I did a little piece on Ferrari books for my newsletter a couple of years ago, so I might as well throw my selections from then into the pot. Here is the text from then. I did subsequently purchase a copy of Ferrari in Camera (direct from the publishers, who still had a few copies left):
There are myriad books on Ferrari. More are added each year. Some are good, some bad. Here are half-a-dozen personal favourites although there are many more I could equally well have chosen. Indeed, might have done on another day.
Not amongst them is a biography of Enzo Ferrari. Enzo’s own books inevitably tell only part of the story. Brock Yates wrote a hatchet job some years ago and Richard Williams had a
decent attempt more recently but the definitive book has yet to be written.
Inside Ferrari - Michael Dregni
Back in the late 1980s Michael Dregni was allowed seemingly unfettered access into the inner
sanctum of the Ferrari factory at Maranello. Now fairly rare, this book tells the story of Ferrari production and illustrates it with many behind-the-scenes photographs.
Ferrari - Stories from those who lived the legend (John Lamm)
There are a goodly number of general Ferrari books available at reasonable cost. John Lamm has been a long time contributor to Road & Track magazine and this book takes a different tack with sections by a many of those who have been involved with Ferrari over the years alongside many of Lamm’s superb photographs.
Flat-12 (Alan Henry)
Alan Henry has written many books. Usually several each year, in fact. That’s probably the best way for his bank balance but there was a time when quality came before quantity. Flat-12 tells the story of the racing cars that used this magnificent engine from the late 1960s to the early 1980s. But more than that, it is frequently brought to life through the words of those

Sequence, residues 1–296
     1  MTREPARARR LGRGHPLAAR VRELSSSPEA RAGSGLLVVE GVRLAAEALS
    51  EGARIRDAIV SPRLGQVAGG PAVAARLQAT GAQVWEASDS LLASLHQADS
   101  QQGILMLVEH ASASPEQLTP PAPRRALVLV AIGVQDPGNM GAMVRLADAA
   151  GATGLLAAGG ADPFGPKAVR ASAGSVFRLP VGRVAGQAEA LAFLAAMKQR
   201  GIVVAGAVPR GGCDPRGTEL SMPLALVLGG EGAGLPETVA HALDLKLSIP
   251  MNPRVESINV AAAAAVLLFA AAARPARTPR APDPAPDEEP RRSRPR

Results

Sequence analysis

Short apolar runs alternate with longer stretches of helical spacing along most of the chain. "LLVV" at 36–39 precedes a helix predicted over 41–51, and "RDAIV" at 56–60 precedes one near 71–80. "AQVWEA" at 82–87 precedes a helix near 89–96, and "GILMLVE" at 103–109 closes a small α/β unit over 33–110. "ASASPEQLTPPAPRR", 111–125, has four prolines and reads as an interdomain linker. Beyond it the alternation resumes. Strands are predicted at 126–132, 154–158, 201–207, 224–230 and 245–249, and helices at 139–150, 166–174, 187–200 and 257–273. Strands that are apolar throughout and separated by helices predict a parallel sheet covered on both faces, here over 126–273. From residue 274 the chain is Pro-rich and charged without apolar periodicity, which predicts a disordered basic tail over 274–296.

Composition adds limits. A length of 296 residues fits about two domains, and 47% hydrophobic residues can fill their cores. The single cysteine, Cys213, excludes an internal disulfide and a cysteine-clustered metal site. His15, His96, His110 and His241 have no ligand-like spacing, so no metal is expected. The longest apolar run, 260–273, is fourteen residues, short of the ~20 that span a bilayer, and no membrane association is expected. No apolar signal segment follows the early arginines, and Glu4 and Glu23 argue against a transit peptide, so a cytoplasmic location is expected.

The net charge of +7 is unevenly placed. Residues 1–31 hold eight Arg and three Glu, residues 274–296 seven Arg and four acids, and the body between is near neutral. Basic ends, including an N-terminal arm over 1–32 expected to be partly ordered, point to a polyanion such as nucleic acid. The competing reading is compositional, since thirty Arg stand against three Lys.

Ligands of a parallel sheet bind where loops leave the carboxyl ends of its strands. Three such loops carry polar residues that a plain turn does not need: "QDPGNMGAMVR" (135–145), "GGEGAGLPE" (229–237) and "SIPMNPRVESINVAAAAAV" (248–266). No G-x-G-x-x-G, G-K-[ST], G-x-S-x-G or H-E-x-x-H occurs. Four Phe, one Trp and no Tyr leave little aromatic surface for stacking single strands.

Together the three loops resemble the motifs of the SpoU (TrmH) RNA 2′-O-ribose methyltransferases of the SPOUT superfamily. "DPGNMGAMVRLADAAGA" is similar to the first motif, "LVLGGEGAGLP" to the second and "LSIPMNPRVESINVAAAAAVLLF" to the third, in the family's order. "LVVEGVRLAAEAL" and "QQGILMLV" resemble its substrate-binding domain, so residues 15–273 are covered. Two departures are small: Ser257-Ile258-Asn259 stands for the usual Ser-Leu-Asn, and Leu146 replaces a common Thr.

who were there.
Gilles Villeneuve (Gerald Donaldson)
Gilles Villeneuve raced in 67 Grands Prix, 66 of them at the wheel of a Ferrari. In those four and a half years he became a legend. Gerald Donaldson’s biography of his fellow Canadian is as good an example of the genre as can be found anywhere.
Emotion Ferrari - Maurice Louche
Emotion Ferrari is essentially a picture book. But what pictures. Maurice Louche photographed Ferraris (usually in competition) from the very beginnings of the company
as an entity up to the early 1970s and the results, with detailed captions, provide a fascinating view. A delight from the first page with a rare photograph a frail-looking Dino Ferrari
through an array of now hideously valuable, racing-damaged, 250 GTOs often repaired with whatever came to hand.
Memoirs of Enzo Ferrari’s Lieutenant (Franco Gozzi)
For many years Franco Gozzi was Enzo Ferrari’s personal assistant. This book is not an
autobiography, rather it is a series of anecdotes from one who was close to the centre
of everything Ferrari for many years. The only pity is that there wasn’t room for more.
The One That Got Away
Not amongst the books on this page and missing from my collection is Ferrari in Camera. With words by Doug Nye and astonishing pictures from Geoff Goddard the quality of the
book is matched only by its price. Expect to pay four figures.